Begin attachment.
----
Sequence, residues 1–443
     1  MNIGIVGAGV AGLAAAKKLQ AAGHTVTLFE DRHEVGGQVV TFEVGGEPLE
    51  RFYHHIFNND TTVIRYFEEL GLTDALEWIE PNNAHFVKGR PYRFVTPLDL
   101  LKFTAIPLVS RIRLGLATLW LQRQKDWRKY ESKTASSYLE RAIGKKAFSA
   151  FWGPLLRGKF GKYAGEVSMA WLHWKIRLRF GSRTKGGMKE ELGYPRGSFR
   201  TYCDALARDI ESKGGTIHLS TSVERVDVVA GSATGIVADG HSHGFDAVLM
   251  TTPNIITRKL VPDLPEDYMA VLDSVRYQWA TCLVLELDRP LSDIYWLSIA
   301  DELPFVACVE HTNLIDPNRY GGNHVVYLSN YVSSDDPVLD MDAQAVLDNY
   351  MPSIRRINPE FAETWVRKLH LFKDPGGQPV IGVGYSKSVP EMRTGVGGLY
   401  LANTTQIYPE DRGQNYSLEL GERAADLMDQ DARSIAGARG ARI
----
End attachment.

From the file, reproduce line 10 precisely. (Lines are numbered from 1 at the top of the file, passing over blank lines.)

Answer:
   401  LANTTQIYPE DRGQNYSLEL GERAADLMDQ DARSIAGARG ARI